Perhaps the hallmark of the distinctive forms of teaching developed at Brown and deemed “Integrative Contemplative Pedagogy” is a method of classroom study of meditation practices called the “Critical First-Person Perspective.” In this method, students try out specific contemplative practices that are linked to a Third-Person study of texts and contexts. In other words, they learn the practices and their cognitive frameworks without being asked to believe in the veridicality of these frameworks. This is a key distinguishing characteristic that differentiates classroom study from practice in a spiritual or religious center and is a necessary component of Contemplative Studies pedagogy in a secular university. This is an important component of the training of both humanistic and scientific researchers in the twenty-first century. This lecture will be illustrated with examples from the variety of “Meditation Lab” (“Medlab”) courses developed at Brown University.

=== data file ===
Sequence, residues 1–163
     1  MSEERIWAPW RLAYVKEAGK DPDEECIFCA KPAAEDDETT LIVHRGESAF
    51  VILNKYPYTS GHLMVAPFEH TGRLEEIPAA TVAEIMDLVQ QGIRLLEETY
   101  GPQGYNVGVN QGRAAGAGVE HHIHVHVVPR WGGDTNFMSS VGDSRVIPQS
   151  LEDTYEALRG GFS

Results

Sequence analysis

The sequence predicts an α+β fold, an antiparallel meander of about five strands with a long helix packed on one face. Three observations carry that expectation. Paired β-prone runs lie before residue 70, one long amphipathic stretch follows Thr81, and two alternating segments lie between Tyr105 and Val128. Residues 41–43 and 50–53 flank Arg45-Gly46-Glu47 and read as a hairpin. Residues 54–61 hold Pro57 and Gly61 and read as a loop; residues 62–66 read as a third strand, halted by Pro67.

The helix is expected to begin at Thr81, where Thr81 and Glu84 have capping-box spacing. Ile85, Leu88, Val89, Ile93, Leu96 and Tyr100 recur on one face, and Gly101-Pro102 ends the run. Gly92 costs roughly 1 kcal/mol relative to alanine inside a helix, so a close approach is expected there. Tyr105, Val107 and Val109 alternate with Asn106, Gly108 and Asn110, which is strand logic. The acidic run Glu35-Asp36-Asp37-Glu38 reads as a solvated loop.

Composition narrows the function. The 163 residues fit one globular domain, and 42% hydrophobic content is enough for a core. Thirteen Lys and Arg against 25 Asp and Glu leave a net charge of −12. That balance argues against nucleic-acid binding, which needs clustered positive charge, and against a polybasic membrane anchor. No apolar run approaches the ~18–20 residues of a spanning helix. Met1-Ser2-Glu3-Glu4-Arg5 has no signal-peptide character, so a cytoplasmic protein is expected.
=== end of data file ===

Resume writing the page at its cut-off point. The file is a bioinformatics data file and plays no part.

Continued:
Convening Faculty, Fellow, Grantee, Planning Committee Member
Harold D. Roth is Professor of Religious Studies and the Director of the Contemplative Studies Initiative at Brown University. Roth is a specialist in Classical Chinese Religious Thought, Classical Daoism, … MORE